More than a decade after 9/11, is the District of Columbia prepared to handle the aftermath of a terrorist attack similar to the recent bombing at the Boston Marathon? The answer to this simple question is of grave concern not only to District residents but to anybody who visits or works in the nation's capital. But judging by recent events and the conflicting comments of city officials, that answer is no.
As Washington Examiner reporter Alan Blinder reported Monday, Mayor Vincent Gray admitted in a letter to Judiciary and Public Safety Committee Chairman Tommy Wells that it would be "almost impossible for many off-duty [D.C. Fire and Emergency Medical Services] workers, who would be desperately needed, to respond in a timely manner to meet the needs of our residents."
It was an extraordinary moment of mayoral candor, given the fact that officials in Gray's own administration had already reassured the council that D.C. was ready for any emergency.
The political backdrop for this unsettling controversy is an ongoing contract dispute between D.C. Fire Chief Kenneth Ellerbe, a childhood friend of Gray's, and the firefighters union, now heading into binding arbitration after five years of failed negotiations and mediation.
Ellerbe wants to shorten firefighters' traditional 24-hour around-the-clock shifts, claiming that doing so will make it easier for the city to cover emergencies. The union wants to retain the current arrangement, particularly since 28 percent of uniformed FEMS employees live more than 30 miles from the city and six live 200 miles one way, a commute made possible only because they only have to make it once every four days.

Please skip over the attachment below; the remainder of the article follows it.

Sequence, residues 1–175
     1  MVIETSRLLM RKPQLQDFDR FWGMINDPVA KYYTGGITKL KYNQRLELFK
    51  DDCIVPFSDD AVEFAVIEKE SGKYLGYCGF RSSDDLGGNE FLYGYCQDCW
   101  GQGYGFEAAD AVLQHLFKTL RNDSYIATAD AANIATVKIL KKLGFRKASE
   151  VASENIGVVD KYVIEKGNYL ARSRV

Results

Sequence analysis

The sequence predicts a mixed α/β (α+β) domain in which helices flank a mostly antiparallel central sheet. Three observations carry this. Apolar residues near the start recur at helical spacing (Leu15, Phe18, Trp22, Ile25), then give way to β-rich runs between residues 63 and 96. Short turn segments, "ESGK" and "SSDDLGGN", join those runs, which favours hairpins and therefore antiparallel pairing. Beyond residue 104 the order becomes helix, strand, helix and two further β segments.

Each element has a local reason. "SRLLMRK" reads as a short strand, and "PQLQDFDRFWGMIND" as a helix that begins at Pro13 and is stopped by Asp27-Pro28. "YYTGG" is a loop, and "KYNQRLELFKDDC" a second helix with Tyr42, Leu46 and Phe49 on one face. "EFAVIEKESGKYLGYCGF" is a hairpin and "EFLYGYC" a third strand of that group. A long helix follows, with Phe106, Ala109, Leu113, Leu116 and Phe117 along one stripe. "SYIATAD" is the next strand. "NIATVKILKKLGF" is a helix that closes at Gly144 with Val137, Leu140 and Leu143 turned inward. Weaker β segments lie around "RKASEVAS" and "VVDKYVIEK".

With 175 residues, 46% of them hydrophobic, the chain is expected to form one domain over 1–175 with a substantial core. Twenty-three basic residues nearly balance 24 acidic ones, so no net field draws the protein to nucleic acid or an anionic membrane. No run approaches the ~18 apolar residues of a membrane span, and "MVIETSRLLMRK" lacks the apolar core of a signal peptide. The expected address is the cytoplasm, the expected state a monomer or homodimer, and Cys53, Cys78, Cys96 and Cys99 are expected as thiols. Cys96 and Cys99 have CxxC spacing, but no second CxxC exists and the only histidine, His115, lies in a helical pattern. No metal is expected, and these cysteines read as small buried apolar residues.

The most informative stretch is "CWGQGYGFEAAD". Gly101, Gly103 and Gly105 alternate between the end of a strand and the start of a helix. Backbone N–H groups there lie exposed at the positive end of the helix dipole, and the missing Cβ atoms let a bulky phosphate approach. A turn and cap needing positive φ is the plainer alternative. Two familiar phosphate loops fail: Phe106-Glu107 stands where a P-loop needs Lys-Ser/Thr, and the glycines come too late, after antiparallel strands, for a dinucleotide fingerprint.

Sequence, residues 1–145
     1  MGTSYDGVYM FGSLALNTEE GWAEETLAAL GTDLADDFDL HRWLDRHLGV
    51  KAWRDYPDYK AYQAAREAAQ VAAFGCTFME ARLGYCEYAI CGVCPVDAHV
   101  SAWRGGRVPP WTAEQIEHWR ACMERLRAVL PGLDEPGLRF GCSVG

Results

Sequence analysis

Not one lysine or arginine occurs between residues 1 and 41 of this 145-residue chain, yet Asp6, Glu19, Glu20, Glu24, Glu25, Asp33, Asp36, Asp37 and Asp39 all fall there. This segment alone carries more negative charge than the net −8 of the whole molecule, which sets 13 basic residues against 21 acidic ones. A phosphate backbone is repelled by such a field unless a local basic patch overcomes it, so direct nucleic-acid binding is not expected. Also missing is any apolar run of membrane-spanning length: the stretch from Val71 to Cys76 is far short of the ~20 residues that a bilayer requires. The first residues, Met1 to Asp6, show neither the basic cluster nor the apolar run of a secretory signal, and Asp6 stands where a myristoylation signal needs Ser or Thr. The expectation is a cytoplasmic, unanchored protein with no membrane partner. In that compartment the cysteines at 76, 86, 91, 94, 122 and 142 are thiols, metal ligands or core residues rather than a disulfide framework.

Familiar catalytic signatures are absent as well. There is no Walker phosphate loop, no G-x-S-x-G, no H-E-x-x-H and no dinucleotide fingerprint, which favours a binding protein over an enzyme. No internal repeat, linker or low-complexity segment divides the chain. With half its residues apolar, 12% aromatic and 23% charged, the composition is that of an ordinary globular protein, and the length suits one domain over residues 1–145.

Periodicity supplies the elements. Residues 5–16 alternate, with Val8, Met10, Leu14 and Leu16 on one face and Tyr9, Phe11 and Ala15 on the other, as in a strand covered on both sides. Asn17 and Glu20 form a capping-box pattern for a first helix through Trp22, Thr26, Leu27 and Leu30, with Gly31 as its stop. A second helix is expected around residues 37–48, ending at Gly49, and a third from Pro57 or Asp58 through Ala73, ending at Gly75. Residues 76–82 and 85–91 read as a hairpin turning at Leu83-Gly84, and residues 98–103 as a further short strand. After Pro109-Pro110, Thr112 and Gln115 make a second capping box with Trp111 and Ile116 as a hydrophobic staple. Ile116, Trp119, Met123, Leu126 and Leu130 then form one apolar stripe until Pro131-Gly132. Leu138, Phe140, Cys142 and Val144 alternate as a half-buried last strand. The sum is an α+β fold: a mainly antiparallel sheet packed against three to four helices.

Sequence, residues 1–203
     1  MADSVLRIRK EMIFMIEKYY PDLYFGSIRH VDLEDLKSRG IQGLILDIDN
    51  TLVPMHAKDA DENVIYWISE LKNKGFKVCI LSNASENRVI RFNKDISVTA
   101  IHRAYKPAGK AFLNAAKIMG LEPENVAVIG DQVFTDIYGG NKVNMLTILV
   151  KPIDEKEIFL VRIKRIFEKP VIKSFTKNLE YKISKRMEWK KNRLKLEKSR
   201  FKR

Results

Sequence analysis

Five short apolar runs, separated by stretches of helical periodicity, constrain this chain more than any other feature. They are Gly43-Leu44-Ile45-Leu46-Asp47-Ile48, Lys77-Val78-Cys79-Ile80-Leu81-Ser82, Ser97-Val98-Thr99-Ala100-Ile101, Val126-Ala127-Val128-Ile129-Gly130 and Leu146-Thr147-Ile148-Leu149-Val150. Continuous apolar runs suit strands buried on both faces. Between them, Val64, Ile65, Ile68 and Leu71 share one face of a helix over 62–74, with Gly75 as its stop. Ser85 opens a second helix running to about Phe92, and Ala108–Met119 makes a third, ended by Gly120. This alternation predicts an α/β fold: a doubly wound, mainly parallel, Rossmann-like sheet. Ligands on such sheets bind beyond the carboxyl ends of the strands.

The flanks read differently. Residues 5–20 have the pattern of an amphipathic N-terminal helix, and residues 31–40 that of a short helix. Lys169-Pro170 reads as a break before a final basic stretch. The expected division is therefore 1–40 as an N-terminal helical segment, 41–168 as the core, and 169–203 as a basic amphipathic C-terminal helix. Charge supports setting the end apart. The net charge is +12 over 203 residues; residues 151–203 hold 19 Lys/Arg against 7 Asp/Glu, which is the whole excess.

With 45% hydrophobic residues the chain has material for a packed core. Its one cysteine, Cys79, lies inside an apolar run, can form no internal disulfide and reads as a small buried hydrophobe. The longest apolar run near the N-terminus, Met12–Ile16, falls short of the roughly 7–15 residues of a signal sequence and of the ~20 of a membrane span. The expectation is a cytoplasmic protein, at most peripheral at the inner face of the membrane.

But the squabble over shifts does not explain why a report by Inspector General Charles Willoughby warned that FEMS does not have sufficient rescue equipment to respond to "large-scale emergencies or mass casualty events."As the City Paper reported, even Tower 3 -- the apparatus assigned to rescue the president if the White House were ever to catch fire -- has been out of service more than any other city-owned vehicle. And since 2009, none of the city's ladder trucks has been subjected to what should be annual stress tests, because FEMS' reserve fleet does not have working replacements.
First responders who live hundreds of miles away, ambulances that arrive too late or not at all, broken down fire trucks and rescue equipment. Mayor Gray is right: D.C. is not ready for a Boston-style attack. But whose fault is that?